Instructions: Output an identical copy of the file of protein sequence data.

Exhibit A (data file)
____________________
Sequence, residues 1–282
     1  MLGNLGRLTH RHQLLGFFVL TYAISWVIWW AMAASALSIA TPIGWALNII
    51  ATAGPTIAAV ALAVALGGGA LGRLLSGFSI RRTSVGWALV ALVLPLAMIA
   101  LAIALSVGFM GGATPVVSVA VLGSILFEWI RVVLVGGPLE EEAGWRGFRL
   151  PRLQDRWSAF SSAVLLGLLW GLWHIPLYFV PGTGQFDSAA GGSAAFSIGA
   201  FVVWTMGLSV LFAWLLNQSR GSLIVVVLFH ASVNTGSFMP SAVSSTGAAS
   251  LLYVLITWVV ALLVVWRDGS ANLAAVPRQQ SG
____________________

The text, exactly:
Sequence, residues 1–282
     1  MLGNLGRLTH RHQLLGFFVL TYAISWVIWW AMAASALSIA TPIGWALNII
    51  ATAGPTIAAV ALAVALGGGA LGRLLSGFSI RRTSVGWALV ALVLPLAMIA
   101  LAIALSVGFM GGATPVVSVA VLGSILFEWI RVVLVGGPLE EEAGWRGFRL
   151  PRLQDRWSAF SSAVLLGLLW GLWHIPLYFV PGTGQFDSAA GGSAAFSIGA
   201  FVVWTMGLSV LFAWLLNQSR GSLIVVVLFH ASVNTGSFMP SAVSSTGAAS
   251  LLYVLITWVV ALLVVWRDGS ANLAAVPRQQ SG